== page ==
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Gonorrhea-A burning sensation when you pee

Gonorrhea, also known as gonnococcal infection, gonococcal urethritis, gonorrhoea and the clap, is a sexually transmitted infection. The usual symptoms in men are a burning sensation with urination and discharge from the penis. Women have no symptoms about half the time or have vaginal discharge and pelvic pain.

What causes gonorrhoea?
Gonorrhoea is caused by Neisseria gonorrhoeae, a bacterium that can grow and multiply easily in the mucus membranes of the body. Gonorrhoea bacteria can grow in the warm, moist areas of the reproductive tract, including the cervix (opening of the womb), uterus (womb) and fallopian tubes (egg canals) in women, and in the urethra (the tube that carries urine from the bladder to outside the body) in women and men. The bacteria can also grow in the mouth, throat and anus.

Gonorrhoea symptoms in women
• Greenish yellow or whitish discharge from the vagina
• Lower abdominal or pelvic pain
• Burning when urinating
• Conjunctivitis (red, itchy eyes)
• Bleeding between periods
• Spotting after intercourse
• Swelling of the vulva (vulvitis)
• Burning in the throat (due to oral sex)
• Swollen glands in the throat (due to oral sex)

In some women, symptoms are so mild that they go unnoticed. Many women with gonorrhoea discharge think they have a yeast infection and self-treat with medications purchased over-the-counter. Because vaginal discharge can be a sign of a number of different problems, it is best to always seek the advice of a doctor to ensure proper diagnosis and treatment.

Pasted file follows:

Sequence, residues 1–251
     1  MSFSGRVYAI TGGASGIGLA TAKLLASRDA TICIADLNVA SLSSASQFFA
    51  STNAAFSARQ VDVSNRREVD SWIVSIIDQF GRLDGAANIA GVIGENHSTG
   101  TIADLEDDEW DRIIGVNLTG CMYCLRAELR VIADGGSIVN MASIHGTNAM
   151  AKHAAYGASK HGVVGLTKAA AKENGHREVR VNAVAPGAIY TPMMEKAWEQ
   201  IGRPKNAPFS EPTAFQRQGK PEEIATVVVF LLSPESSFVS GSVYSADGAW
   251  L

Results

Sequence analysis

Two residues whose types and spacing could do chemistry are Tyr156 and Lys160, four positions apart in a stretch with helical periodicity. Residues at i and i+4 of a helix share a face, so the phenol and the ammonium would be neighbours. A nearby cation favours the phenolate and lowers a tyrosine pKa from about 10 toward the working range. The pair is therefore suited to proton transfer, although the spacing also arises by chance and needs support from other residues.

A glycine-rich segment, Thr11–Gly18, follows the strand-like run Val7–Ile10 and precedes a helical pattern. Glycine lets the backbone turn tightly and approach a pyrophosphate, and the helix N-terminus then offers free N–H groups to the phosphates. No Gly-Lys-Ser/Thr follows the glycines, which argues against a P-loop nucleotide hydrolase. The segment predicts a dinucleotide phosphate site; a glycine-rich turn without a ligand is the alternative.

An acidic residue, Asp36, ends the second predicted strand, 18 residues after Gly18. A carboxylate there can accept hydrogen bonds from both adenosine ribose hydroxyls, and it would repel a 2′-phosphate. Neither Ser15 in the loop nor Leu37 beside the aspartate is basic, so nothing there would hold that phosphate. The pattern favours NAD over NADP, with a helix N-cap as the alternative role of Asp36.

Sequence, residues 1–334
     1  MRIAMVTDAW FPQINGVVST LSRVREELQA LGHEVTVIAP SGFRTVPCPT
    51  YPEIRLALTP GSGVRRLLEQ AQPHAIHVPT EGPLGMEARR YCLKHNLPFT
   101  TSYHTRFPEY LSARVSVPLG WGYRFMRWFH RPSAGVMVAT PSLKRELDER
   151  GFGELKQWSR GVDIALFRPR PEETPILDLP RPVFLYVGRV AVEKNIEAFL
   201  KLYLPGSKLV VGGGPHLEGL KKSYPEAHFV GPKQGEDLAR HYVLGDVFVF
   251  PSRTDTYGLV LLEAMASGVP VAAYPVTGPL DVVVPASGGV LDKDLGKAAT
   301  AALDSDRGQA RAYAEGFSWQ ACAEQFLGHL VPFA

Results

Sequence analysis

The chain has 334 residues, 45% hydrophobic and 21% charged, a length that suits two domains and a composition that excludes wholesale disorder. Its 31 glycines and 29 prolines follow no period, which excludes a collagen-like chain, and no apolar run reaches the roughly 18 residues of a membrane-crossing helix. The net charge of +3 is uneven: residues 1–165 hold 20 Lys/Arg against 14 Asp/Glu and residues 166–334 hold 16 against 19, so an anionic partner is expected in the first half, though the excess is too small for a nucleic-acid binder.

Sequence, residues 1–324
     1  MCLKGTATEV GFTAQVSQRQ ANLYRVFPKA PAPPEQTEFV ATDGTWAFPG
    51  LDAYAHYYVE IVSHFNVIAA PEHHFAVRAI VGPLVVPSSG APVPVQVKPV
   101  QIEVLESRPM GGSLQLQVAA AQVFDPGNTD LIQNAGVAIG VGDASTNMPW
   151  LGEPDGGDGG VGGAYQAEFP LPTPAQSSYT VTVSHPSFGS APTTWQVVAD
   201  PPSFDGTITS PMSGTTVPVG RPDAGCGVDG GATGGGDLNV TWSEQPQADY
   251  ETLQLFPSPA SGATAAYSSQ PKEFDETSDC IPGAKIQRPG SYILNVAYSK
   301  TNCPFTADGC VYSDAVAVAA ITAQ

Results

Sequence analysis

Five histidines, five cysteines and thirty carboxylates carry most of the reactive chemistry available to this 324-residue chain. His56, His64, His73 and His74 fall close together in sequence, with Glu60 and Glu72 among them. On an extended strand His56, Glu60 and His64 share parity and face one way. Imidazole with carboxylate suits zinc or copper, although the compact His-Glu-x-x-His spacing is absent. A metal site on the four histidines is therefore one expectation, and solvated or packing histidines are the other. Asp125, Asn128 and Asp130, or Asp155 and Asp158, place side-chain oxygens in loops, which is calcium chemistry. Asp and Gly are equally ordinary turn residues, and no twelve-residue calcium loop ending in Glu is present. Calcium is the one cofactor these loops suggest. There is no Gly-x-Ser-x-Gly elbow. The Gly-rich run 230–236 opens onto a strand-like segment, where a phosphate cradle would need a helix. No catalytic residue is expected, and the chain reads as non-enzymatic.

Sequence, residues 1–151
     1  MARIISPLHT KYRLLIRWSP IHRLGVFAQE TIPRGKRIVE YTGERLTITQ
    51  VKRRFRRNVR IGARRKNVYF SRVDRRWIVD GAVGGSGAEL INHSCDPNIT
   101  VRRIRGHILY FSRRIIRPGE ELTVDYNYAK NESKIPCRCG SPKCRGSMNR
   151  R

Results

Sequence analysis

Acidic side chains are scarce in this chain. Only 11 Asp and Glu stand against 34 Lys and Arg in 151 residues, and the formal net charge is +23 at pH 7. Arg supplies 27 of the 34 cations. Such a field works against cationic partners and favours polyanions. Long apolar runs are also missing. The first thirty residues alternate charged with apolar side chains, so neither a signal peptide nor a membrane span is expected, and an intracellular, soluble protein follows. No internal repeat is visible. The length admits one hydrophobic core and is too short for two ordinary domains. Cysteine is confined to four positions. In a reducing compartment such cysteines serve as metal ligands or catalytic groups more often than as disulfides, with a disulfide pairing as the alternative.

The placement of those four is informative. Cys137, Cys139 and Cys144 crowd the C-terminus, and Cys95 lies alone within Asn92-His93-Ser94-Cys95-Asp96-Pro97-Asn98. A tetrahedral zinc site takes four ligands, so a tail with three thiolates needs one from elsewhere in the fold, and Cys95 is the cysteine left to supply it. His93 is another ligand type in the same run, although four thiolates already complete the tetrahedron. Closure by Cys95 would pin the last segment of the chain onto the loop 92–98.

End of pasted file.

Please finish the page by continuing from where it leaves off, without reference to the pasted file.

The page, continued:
Gonorrhoea symptoms in men
• Greenish yellow or whitish discharge from the penis
• Burning when urinating
• Burning in the throat (due to oral sex)
• Painful or swollen testicles
• Swollen glands in the throat (due to oral sex)
In men, symptoms usually appear five to seven days after infection.


Risk factors
Factors that may increase your risk of gonorrhea infection include:
• Younger age
• A new sex partner
• Multiple sex partners
• Previous gonorrhea diagnosis
• Having other sexually transmitted infections

Untreated gonorrhea can lead to significant complications, such as:
• Infertility in women. Untreated gonorrhea can spread into the uterus and fallopian tubes, causing pelvic inflammatory disease (PID), which may result in scarring of the tubes, greater risk of pregnancy complications and infertility. PID is a serious infection that requires immediate treatment.
• Infertility in men. Men with untreated gonorrhea can experience epididymitis — inflammation of a small, coiled tube in the rear portion of the testicles where the sperm ducts are located (epididymis). Epididymitis is treatable, but if left untreated, it may lead to infertility.
• Infection that spreads to the joints and other areas of your body. The bacterium that causes gonorrhea can spread through the bloodstream and infect other parts of your body, including your joints. Fever, rash, skin sores, joint pain, swelling and stiffness are possible results.
• Increased risk of HIV/AIDS. Having gonorrhea makes you more susceptible to infection with human immunodeficiency virus (HIV), the virus that leads to AIDS. People who have both gonorrhea and HIV are able to pass both diseases more readily to their partners.
• Complications in babies. Babies who contract gonorrhea from their mothers during birth can develop blindness, sores on the scalp and infections.